Straight Outta Edmonton: Review: World’s Greenest Oil – Turning the Oil Sands from Black to Green

For Peter Silverstone, cleaning up the oilsands has nothing to do with mitigating the effects of climate change. Rather, it has to do with mitigating the effects climate change has on oilsands.

In the World’s Greenest Oil: Turning the Oil Sands from Black to Green, Silverstone argues that whether or not you believe in human induced climate change, the world is moving in that direction and subsequent market shifts will significantly influence the attractiveness of the oilsands as an energy source.

Silverstone argues this by outlining various issues related to development and assessing their likely impact on the oilsands’ attractiveness. For example, many claim the shift away from open-pit mining to in-situ SAGD production will improve the industry’s international image, as pictures showing development transforming lush ecosystems into barren wastelands will be replaced by those revealing minimal environment impact.

Open-Pit Mining
In-Situ SAGD Production

However, current in-situ methods (SAGD) will actually make Alberta oil “dirtier,” as the process has a larger carbon impact than open-pit mining (though he notes that VAPEX, COGD, THAI, and other extractions methods may lead to significantly less emissions)

Further, Silverstone investigates the claim made by many Albertan politicians that if restrictive environmental legislation is passed in the United States, we could turn to markets in Asia who desperately need our oil. In reality, the transportation infrastructure required for Alberta to export a significant quantity of oil to Asia is decades away from completion and is facing significant opposition by British Columbians.

Even if built, the province wouldn’t come close to exporting the amount slated to be produced within the decade. There is also uncertainty as to whether countries like China and India would want to make major investments in the oilsands, as they are aggressively pursuing alternative energy sources domestically (China is the world’s biggest investor in renewable energy).

The solution, according to Silverstone, is to make Alberta an attractive energy provider by “greening” the oilsands. Specifically, he proposes to change Alberta’s current royalty framework to include economic incentives for industry to decrease its CO2 emissions. This will motivate companies to pursue extraction methods that are less energy intensive and invest in developing renewable energy sources, which can be used to power the extraction, upgrading, and refining of oilsands.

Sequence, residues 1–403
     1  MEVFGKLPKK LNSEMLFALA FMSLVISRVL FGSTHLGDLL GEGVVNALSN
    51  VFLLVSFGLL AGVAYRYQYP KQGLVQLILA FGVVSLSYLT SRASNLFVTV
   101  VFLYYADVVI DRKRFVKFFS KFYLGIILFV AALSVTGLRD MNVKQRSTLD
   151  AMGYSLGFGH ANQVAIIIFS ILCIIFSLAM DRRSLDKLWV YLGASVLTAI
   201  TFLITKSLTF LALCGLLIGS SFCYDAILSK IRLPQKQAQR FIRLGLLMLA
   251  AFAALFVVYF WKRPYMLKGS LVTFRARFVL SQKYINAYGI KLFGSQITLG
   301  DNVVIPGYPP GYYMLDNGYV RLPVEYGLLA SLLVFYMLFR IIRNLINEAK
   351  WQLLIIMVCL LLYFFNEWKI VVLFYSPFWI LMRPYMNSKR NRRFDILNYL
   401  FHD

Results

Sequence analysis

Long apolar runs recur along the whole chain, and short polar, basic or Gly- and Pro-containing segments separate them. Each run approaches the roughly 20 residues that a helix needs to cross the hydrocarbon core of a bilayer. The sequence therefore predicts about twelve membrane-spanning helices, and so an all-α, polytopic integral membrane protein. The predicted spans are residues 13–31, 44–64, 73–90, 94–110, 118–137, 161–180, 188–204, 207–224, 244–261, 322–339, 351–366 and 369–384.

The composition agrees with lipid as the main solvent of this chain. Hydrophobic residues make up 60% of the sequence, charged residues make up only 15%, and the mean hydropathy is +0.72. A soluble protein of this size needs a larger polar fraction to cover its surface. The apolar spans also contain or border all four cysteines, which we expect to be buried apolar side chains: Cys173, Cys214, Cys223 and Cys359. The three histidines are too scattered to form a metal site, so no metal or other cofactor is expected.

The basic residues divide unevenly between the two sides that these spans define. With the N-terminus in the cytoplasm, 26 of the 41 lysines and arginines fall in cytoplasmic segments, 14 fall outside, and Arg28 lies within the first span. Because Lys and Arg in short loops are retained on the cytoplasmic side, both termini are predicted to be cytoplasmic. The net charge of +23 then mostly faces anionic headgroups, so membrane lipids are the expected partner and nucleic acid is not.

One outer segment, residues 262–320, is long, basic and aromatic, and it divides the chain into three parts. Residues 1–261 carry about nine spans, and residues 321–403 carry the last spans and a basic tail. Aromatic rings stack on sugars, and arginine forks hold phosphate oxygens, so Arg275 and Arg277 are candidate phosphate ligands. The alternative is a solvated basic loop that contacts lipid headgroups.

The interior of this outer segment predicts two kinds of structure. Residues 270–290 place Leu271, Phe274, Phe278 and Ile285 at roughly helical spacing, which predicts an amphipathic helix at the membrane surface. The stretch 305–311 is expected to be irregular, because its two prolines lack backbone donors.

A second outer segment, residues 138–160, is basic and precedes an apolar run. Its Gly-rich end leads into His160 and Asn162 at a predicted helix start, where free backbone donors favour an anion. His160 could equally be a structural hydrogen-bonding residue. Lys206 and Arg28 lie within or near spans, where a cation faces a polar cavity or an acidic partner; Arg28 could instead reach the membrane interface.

The World’s Greenest Oil is clearly written for an audience that is not familiar with the Alberta Oilsands and is an effective introduction to the issue. For each point he raises, Silverstone tries to provide the range of perspectives held, as well as an exhaustive list of sources, so readers can get a sense of the various positions and where to look for further information. In doing so, he focuses on simplicity and breadth, rather than detail, summarizing the issue and his argument in under 100 pages. Consequently, for people who already have a decent understanding of the Alberta Oilsands, it might be better to skip to the final chapter, where Silverstone introduces his policy proposal, rather than read the entire book.

However, a major limitation is the book’s narrow focus. At the outset, Silverstone clearly states he’s only interested oilsands development policy from a CO2 emissions standpoint, which he believes is the industry’s biggest threat. This may be true, but by ignoring oilsands industrial pollution, tailings ponds, and other factors, readers fail to recognize how these issues are shaping current debates.

For some reason Silverstone, and most other commentators, think they can omit these importance aspects from their discussions and still provide a comprehensive understanding of the issue. In reality, all these social and environmental issues are linked, significantly impacting how the world views the Alberta Oilsands and our subsequent development policy.

Overall though, the World’s Greenest Oil summarizes contemporary debates well and convincingly shows that Alberta needs to take a more proactive stance to ensure environmental issues that have arisen from oilsands development are adequately dealt with. Not only will this have social benefits, but it will also increase the attractiveness of the oilsands as an energy source — something that must be considered as international opposition to the Alberta Oilsands continues to grow.

World’s Greenest Oil: Turning the Oil Sands from Black to Green is available at Audrey’s Bookstore in Edmonton or online.

Update: Peter Silverstone discussing his book with the Edmonton Journal.

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Pop The Stack: Sometimes War is not a Metaphor

Public discourse these days can sometimes get pretty raw. Opposing sides accuse each other of being monsters, of wanting to destroy society, of declaring “war” on the poor, on hard-working Canadians, on the environment, on taxpayers, on bicycle riders … on polar bears.  Meanwhile everyone is “fighting” for something; for democracy, for equal rights, for lower taxes, […]

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